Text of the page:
The SNAP-25 gold conjugate (960 µL) was added to a cuvette and the absorbance read from 400–800 nm using a Jasco V-550 UV-Visible Spectrometer. The sample (1 µL) was then added and the absorbance re-measured the solution was then allowed to incubate for 5 min. NaCl (4 M, 40 µL) was added and the absorbance measurement repeated. The solution was left to incubate for a further 5 min before a final reading was taken. All measurements were recorded against a reference sample of phosphate buffer with the background absorbance removed.

3.5. Microplate Assay

Samples (0.5 μL) were added to the wells of a microliter plate and SNAP-25 gold conjugate (374 µL) added to each well before the absorbance at 492 and 630 nm was measured using a Labtech LT-4000 microplate reader. The plate was then incubated for 2 min before NaCl was added (4 M, 15 µL) and incubated for 5 min. before the absorbance was re-measured.

4. Conclusions

Many assays currently being developed, such as the ELISA assay, only detect the presence of the toxin and are unable to measure the proteolytic activity, so do not differentiate between active and denatured toxin [28]. By measuring the colour change after the toxin has cleaved the SNAP-25, our assay detects only active botulinum neurotoxin making it highly useful for the pharmaceutical industry. This is particularly relevant when the low detection limit of 250 fg/mL is considered, which is lower than the mouse bioassay and requires only 0.5–1 µL per sample, making it safer and cheaper to be run. These assays detect much lower amounts of toxin than the amount typically contained in pharmaceutical products, around 4 ng, meaning that a set of serial dilutions would need to be performed to analyse the products correctly. This is simple to perform and would only add a few minutes onto the overall analysis time.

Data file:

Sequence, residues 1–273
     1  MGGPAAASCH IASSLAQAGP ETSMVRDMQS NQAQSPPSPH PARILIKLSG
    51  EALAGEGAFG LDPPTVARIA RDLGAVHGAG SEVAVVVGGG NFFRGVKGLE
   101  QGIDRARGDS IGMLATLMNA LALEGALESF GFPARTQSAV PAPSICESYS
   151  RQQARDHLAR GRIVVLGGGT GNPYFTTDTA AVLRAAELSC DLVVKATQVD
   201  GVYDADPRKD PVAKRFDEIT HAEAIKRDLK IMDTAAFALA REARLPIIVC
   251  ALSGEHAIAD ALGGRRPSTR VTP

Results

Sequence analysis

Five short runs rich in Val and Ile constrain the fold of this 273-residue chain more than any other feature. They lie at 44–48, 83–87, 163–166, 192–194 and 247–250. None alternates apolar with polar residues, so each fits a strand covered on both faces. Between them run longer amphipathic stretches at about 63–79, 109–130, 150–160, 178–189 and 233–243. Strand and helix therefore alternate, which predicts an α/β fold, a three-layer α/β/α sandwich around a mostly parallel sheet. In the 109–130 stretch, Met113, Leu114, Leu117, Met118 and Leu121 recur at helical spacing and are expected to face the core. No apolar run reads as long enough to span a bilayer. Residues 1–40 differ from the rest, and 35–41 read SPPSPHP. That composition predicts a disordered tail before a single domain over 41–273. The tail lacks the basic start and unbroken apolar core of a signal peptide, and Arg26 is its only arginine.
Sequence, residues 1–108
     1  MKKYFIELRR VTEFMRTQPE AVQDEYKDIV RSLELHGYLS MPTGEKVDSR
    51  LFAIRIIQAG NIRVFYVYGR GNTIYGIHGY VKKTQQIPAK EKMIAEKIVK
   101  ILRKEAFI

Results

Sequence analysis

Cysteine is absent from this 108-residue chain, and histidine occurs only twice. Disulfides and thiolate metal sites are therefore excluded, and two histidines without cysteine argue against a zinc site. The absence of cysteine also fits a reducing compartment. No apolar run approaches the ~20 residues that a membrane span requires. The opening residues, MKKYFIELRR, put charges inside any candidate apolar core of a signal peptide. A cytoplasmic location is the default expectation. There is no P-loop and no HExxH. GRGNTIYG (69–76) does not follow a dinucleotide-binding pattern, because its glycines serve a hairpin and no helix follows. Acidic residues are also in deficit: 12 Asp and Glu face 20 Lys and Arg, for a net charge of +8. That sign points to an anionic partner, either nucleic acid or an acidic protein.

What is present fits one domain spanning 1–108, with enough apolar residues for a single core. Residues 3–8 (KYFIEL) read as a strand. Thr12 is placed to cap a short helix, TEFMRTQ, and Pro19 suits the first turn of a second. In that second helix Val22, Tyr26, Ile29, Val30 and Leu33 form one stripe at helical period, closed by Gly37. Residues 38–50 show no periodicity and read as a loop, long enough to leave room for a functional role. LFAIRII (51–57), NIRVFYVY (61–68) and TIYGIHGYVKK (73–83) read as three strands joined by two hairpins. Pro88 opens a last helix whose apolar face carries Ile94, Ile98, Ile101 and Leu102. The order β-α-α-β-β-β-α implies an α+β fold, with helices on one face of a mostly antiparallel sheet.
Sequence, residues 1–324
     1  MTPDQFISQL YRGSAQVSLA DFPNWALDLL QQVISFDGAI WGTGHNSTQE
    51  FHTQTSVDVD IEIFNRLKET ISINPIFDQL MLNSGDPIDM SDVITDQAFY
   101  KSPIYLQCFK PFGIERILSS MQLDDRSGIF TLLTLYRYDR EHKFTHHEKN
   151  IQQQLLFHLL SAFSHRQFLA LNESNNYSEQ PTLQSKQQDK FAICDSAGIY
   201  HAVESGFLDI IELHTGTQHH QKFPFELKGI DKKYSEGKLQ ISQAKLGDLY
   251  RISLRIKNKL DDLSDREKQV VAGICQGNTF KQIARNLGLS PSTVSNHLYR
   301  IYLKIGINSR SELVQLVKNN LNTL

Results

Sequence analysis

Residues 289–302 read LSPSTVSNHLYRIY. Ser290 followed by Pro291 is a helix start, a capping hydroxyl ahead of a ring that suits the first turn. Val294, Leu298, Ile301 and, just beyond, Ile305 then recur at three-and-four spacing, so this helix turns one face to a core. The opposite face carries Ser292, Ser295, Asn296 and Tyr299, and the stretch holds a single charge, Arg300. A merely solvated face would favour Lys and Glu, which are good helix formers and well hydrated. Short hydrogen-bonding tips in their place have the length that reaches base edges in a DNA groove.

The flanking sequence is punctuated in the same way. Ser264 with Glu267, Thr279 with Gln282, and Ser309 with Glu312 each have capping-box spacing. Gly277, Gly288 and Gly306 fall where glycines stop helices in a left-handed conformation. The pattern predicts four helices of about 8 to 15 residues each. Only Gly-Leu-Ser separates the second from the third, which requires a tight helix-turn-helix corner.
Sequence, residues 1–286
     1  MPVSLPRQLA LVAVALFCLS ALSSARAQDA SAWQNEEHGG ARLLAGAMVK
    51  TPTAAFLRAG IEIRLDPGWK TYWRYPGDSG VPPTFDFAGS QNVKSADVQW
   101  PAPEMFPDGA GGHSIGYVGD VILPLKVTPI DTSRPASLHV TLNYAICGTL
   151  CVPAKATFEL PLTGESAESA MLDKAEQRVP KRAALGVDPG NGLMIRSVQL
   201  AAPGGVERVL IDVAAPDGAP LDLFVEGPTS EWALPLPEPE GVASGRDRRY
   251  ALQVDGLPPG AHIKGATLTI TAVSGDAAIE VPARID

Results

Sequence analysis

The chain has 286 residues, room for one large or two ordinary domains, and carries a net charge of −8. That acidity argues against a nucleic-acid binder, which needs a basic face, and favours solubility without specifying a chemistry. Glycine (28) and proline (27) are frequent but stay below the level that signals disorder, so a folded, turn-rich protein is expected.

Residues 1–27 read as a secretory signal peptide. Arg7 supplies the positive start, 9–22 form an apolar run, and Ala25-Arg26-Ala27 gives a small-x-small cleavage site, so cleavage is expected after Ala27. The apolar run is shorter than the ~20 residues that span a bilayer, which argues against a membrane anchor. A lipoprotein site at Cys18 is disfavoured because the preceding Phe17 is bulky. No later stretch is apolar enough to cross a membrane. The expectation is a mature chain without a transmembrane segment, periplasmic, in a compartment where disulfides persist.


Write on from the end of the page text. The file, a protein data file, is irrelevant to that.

This assay may also be used as a point-of-care sensor and as a screening step in the food industry with the inclusion of sample purification steps such as immunochromatography and centrifugation [29,30].

With the transfer of the assay onto a microplate reader 96, samples can be processed in seven minutes allowing for high throughput analysis. This also leads to the possibility of automating the assay and using plates with more wells, further increasing output.

SNAP-25 is cleaved by serotypes A, C and E, as stated in the literature. By using SNAP-25 as the substrate this assay currently can only detect these serotypes [31]. This assay will be further developed to detect other serotypes by modifying the gold surface with VAMP and Syntaxin through the sulfur on the methionine side chain [32].

Many botulinum neurotoxin assays do not advance from the development stage due to interference from excipients commonly found in toxin drug products such as HSA [33]. This assay has been developed using Dysport® and a placebo which contains HSA and lactose. The results show good correlation and the placebo has a much lower response proving this assay is not affected by the excipients [34].

Acknowledgments

The authors would like to thank IPSEN Biopharm and the Knowledge Economy Skills Scholarship (KESS) for funding the project and IPSEN Biopharm for supplying samples of Dysport® and placebo.

Conflict of Interest

The authors declare no conflict of interest.